few days ago, Bob Golfen’s Pick of the Day was a 1966 Sunbeam Tiger. The choice for today is a 1962 Sunbeam Alpine.
Tiger. Alpine. What’s the difference?
Basically, the Tiger is the souped-up version of the Sunbeam and is empowered by a small-block Ford engine that none other than Carroll Shelby hisownself figured out how to shoehorn under the “bonnet” of a British sports car designed around a four-cylinder powerplant.
That British sports car was the Sunbeam Alpine.
The Sunbeamland Cycle Co. was founded in 1887, built its first motor car in 1899 and not only fielded entries in Grand Prix racing in the early days of motorsport — Henry Seagrave leading a 1-2-3 sweep in the French GP in 1923 — but also had a car in the starting field for the Indianapolis 500 in 1921 — Ora Haibe qualifying 13th fastest but finishing fifth.
The business had its ups and downs — in 1920 it merged with Darracq and Talbot, in 1935 it was acquired by Rootes Group, which in the late 1970s became part first of Chrysler and then of Peugeot until production vehicles badged as Sunbeam ended in 1982.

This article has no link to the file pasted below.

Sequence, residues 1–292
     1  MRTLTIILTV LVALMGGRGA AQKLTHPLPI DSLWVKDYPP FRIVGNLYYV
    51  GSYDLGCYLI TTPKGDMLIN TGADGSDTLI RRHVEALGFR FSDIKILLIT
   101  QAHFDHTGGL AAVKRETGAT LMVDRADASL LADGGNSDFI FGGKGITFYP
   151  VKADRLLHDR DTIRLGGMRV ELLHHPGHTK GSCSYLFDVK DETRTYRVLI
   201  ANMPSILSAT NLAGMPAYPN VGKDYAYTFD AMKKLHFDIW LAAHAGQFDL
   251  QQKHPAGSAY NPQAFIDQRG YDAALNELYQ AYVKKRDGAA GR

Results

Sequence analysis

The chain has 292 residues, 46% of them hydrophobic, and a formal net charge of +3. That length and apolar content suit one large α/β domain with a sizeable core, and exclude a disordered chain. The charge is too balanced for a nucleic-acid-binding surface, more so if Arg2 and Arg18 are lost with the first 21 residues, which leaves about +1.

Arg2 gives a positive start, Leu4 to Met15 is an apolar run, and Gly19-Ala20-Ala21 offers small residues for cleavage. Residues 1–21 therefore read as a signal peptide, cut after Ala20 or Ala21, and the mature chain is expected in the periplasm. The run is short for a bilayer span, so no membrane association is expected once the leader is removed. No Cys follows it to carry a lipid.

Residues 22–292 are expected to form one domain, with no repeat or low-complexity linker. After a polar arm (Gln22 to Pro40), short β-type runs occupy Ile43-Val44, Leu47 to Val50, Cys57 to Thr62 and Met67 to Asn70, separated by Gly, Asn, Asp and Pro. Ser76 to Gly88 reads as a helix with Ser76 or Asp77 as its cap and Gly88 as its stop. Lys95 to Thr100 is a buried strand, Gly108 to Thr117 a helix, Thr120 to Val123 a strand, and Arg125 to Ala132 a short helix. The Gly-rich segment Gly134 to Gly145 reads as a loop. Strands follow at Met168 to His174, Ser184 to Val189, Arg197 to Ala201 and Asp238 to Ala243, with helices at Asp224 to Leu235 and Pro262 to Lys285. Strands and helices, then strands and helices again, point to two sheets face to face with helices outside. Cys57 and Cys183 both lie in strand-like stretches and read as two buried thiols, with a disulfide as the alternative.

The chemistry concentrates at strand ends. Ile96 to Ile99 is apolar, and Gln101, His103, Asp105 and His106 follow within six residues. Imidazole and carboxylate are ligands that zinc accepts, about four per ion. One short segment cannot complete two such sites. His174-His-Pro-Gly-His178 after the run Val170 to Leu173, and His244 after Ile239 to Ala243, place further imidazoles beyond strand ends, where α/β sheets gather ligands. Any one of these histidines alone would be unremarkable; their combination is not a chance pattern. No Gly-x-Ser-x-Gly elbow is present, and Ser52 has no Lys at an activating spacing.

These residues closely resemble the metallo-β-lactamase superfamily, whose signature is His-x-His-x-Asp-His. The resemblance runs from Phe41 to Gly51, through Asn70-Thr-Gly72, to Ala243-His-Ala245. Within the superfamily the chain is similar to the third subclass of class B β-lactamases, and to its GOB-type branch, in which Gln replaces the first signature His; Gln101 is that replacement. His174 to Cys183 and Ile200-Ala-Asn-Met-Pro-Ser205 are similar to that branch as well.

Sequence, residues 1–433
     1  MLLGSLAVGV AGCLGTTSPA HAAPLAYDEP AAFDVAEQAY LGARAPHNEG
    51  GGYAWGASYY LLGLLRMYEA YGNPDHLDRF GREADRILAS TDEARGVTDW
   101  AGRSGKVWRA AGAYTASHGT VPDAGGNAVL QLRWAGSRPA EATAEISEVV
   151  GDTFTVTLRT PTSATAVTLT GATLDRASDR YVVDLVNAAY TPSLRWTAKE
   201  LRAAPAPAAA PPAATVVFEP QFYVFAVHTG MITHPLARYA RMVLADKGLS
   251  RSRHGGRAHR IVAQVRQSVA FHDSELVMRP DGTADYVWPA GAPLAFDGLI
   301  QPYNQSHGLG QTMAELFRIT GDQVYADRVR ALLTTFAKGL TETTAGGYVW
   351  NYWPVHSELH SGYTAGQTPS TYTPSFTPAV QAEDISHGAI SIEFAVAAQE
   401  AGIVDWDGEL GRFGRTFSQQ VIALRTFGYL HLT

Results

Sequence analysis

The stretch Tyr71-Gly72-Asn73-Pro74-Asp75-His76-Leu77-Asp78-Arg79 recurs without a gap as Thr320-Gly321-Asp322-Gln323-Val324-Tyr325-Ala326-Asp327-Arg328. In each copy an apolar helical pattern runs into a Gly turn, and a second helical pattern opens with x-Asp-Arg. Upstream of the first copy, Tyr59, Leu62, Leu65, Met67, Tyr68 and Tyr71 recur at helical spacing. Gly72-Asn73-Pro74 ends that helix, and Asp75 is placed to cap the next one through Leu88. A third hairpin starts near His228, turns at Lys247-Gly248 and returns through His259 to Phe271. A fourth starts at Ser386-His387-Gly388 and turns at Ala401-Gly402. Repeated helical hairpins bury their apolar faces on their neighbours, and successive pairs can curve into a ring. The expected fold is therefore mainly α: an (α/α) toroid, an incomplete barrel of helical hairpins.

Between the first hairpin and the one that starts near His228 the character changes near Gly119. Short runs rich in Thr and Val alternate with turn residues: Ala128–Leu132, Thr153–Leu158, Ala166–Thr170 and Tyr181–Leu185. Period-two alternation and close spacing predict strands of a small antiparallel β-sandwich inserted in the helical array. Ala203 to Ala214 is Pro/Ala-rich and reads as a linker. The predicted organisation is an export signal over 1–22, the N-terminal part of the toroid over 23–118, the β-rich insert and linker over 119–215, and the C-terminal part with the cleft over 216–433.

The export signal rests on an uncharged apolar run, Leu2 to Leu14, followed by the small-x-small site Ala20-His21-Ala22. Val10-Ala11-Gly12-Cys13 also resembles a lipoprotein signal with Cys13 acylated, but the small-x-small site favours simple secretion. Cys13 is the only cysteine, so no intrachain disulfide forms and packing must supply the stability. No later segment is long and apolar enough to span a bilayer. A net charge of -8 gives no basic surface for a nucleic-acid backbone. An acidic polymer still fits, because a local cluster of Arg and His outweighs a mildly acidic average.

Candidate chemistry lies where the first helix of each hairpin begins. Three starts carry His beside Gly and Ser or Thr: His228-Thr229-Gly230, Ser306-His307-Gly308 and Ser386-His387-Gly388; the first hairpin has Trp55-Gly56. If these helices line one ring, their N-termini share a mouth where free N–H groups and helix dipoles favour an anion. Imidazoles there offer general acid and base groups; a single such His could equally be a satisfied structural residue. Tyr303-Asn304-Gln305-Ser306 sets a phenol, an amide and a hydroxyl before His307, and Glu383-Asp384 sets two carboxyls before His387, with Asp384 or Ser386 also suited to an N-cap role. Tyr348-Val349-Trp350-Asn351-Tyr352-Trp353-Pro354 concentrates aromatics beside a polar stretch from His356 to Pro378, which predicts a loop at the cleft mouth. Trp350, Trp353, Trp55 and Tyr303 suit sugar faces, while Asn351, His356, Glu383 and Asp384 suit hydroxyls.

But our focus is on the Alpine, which originally was a two-seat sports car introduced in 1953 and remaining in production through 1955. But Sunbeam launched a new Alpine in 1960, which stuck around until 1968.
The Pick of the Day is one of those second-generation Series II cars, a 1962 Sunbeam Alpine. Its private seller notes in the advertisement on ClassicCars.com that the car is a 54,000-mile unrestored “survivor” still wearing the Fort Riley military base parking pass applied by its original owner in 1963.
The seller notes that the car is an “extremely solid fun reliable driver. No rattles or shakes.”
However, it is a “prime candidate for cosmetic restoration.” The original Moonstone paint is getting thin in places, the original aluminum hardtop needs some repair, and there are some tears in the original convertible top. The car comes with a tonneau cover.
Tires and exhaust are new. The car has its original engine but it was converted to a Weber carburetor setup. However, the earlier dual Solex carbs and manifold come with the car, as do “lots of extra parts.”
For 1962, that original factory-installed engine would be a 1,500 cc inline four cylinder pumping out 80 horsepower and 94 pounds-feet of torque through a four-speed manual gearbox, good enough to achieve a 100 mph top speed.
The car is located in St. Louis and the seller is asking $17,900.